In the chronology, I’ll be treating Telengard as a 1978 game, even though the oldest playable version is years newer. It’s impossible to know what features had to be cut from DND to fit in the 8KB version, only to be fit back in in the extant 32KB version.
I found a TAP image file for Telengard floating around, and used the PET emulator in WinVICE to load it.
Auto-load the tape file, and garbage races across the screen. Don’t worry, it’s fine.
A title screen! Interestingly, the copyright here is 1981. It’s still loading. At this point, warp mode (Alt+W) comes in very handy, and I am thankful for emulation. The real thing would take several minutes, and the PET tape drives were notorious for having fatal read errors.
Done loading! Don’t forget to turn off warp mode. Starting a new character,
Here we see the first difference from DND and all the games before it, though not evident by the screenshot. The game is semi-realtime! You’ve got about one second to decide if you want these stats or not, and then it automatically re-rolls. I waited.
No class selection this time, no secret names, and no choice of which dungeon to select. All you can do now is name your character.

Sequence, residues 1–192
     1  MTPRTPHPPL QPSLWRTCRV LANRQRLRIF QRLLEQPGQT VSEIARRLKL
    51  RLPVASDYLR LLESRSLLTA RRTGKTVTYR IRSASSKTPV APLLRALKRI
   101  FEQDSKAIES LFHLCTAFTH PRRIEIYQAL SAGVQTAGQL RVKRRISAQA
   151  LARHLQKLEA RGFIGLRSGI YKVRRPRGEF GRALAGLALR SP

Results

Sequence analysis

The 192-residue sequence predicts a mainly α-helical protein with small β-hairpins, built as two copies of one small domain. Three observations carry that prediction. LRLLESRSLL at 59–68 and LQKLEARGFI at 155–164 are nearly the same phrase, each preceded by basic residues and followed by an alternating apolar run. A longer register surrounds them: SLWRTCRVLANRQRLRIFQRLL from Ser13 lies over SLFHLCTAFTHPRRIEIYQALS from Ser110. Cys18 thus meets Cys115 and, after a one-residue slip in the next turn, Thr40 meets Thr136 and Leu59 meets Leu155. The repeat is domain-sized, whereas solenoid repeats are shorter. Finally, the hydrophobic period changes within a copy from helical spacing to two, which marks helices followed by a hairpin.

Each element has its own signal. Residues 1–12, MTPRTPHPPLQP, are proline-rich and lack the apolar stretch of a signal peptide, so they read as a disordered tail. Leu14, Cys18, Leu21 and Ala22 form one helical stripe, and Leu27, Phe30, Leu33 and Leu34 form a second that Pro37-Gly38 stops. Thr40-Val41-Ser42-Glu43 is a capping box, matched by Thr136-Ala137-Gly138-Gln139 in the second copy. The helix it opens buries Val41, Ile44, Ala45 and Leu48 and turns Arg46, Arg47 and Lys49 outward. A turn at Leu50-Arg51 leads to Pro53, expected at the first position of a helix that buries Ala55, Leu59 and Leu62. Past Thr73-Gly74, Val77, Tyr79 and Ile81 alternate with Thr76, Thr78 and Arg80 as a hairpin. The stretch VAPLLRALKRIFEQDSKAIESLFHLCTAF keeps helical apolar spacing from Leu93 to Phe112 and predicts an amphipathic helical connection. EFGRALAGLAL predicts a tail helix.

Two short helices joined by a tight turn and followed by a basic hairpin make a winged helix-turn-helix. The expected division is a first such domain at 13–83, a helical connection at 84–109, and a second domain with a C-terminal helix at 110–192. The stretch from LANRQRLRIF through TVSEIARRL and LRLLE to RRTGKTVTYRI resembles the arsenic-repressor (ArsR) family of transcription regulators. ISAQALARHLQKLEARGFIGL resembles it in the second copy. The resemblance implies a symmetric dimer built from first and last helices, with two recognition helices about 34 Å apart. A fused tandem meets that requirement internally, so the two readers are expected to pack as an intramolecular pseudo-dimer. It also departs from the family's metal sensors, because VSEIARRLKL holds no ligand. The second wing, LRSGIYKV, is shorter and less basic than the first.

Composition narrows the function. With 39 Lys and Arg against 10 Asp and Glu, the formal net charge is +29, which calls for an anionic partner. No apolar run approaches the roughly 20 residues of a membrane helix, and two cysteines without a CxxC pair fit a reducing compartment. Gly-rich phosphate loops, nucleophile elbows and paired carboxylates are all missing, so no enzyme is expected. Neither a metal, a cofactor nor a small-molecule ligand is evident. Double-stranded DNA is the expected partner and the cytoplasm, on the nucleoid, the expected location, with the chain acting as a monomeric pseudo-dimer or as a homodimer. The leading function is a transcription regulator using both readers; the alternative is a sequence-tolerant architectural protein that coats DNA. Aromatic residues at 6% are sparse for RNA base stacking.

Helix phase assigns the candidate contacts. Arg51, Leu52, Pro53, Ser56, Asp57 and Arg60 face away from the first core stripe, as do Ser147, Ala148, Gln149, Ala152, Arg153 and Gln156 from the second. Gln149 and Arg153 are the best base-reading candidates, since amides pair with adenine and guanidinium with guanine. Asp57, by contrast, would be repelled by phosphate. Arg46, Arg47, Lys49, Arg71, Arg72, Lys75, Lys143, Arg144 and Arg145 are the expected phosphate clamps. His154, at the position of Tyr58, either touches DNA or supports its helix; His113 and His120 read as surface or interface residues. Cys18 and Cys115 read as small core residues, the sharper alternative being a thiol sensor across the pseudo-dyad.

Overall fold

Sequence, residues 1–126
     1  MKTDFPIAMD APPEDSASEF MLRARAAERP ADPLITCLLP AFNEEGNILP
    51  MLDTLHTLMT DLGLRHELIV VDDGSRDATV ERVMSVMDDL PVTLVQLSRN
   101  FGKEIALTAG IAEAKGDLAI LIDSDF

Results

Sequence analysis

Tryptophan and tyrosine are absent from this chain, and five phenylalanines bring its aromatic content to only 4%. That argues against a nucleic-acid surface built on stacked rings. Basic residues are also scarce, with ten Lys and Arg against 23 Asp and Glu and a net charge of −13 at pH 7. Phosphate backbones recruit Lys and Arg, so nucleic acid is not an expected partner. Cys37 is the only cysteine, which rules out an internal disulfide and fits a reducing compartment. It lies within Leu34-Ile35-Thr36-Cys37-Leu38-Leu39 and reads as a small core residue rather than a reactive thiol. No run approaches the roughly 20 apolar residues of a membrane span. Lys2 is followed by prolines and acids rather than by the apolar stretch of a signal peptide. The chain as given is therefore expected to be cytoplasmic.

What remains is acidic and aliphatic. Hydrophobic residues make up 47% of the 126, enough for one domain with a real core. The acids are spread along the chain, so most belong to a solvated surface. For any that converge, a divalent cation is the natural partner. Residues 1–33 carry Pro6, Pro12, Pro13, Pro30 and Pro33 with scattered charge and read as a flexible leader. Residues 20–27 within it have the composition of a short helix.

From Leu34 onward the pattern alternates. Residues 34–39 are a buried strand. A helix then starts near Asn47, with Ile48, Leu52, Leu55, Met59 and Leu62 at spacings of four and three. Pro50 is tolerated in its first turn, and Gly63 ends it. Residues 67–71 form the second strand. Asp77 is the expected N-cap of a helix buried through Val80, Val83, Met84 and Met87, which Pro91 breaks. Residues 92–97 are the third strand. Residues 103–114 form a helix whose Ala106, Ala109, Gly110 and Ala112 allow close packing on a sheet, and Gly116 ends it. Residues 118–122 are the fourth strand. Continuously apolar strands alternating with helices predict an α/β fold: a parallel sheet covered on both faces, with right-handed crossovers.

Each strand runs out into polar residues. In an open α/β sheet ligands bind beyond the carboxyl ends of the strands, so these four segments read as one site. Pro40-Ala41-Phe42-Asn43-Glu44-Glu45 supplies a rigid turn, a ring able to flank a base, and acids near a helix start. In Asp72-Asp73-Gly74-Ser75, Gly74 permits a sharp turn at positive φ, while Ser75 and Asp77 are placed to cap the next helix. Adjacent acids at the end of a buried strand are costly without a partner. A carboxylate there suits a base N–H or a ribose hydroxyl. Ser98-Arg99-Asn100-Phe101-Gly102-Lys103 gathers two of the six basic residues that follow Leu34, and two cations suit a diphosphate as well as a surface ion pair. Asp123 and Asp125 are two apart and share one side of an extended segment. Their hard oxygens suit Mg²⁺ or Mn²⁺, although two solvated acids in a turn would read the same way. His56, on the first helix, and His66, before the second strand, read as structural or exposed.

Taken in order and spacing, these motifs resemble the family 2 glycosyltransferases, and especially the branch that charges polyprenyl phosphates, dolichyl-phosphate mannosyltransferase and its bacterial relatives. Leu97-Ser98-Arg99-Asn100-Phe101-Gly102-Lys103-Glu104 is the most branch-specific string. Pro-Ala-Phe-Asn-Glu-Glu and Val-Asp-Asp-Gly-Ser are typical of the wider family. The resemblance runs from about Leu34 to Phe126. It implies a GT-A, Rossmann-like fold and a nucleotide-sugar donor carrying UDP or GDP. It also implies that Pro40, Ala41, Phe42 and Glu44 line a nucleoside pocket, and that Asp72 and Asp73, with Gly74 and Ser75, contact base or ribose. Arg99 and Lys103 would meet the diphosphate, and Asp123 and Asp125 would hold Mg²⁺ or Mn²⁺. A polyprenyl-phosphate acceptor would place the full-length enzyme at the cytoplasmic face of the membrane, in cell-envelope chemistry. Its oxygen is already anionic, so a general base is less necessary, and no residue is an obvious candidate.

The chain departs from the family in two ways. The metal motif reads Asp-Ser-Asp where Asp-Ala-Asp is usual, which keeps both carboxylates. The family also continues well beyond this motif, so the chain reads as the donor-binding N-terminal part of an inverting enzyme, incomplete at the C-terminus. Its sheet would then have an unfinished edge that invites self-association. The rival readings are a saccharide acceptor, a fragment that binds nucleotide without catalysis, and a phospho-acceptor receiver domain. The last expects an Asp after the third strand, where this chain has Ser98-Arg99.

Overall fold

This looks simple, but nicer than DND. The walls are distinct, my character sheet is positioned nicely, the X clearly represents my character, and messages output below the map. It’s reminiscent of dnd, of course, but with the benefit that the character sheet is always visible. Visibility is improved too, as it shows a full 3x3 grid, while dnd only showed the four orthogonal tiles at most.
You’re on the clock, and will be for the entire game. Whenever you are prompted to make a decision, you have about four seconds before the game automatically picks the “stay” or “wait” option. Movement is also agonizingly slow. When you move a space, it takes about eight seconds in total for the game to recognize your input, redraw the screen, and prompt you for your next move. It’s pretty exasperating to repeatedly have to wait for eight seconds for the prompt, and then have to act on it within four or lose your turn.
Another difference is that both dnd and DND had you exit the dungeon by leaving through a gap in the outer wall. Here, you leave by taking stairs up to the surface, where you arrive at an inn. Your gold is converted to XP, you level up if you have enough XP, and you recharge your HP and spells.
You can save your character to tape, and interestingly, this means that this early version of Telengard does NOT feature permadeath! The PLATO games and DND delete your save if you die, and so do later disk-based versions of Telengard. I guess there’s no way for the PET to automatically rewind the tape and record over your save file when you die.
Saving is a bit cumbersome, and I’m not sure if you were originally meant to save on a blank cassette, or onto the Telengard tape itself, but I always save on a fresh tape image file, and I keep backups of those files. It seems to work most of the time, and even though it fails sometimes, I have backups.